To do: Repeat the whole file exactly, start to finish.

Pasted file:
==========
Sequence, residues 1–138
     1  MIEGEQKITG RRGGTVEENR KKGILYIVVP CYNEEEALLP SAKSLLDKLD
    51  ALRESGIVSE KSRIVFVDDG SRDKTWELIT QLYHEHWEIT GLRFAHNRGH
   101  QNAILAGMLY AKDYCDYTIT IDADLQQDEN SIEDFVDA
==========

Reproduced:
Sequence, residues 1–138
     1  MIEGEQKITG RRGGTVEENR KKGILYIVVP CYNEEEALLP SAKSLLDKLD
    51  ALRESGIVSE KSRIVFVDDG SRDKTWELIT QLYHEHWEIT GLRFAHNRGH
   101  QNAILAGMLY AKDYCDYTIT IDADLQQDEN SIEDFVDA